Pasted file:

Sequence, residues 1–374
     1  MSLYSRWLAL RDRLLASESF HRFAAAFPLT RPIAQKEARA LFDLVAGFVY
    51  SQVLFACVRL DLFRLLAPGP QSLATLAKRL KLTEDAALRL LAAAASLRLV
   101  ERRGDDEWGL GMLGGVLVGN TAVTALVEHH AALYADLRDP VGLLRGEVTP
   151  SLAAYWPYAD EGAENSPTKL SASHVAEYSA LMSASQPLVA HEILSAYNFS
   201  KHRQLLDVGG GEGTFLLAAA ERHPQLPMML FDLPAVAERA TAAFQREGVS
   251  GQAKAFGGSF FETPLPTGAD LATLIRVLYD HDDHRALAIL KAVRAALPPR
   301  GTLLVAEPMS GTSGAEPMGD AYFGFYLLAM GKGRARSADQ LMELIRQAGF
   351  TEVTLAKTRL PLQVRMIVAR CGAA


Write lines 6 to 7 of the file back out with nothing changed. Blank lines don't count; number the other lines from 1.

   201  KHRQLLDVGG GEGTFLLAAA ERHPQLPMML FDLPAVAERA TAAFQREGVS
   251  GQAKAFGGSF FETPLPTGAD LATLIRVLYD HDDHRALAIL KAVRAALPPR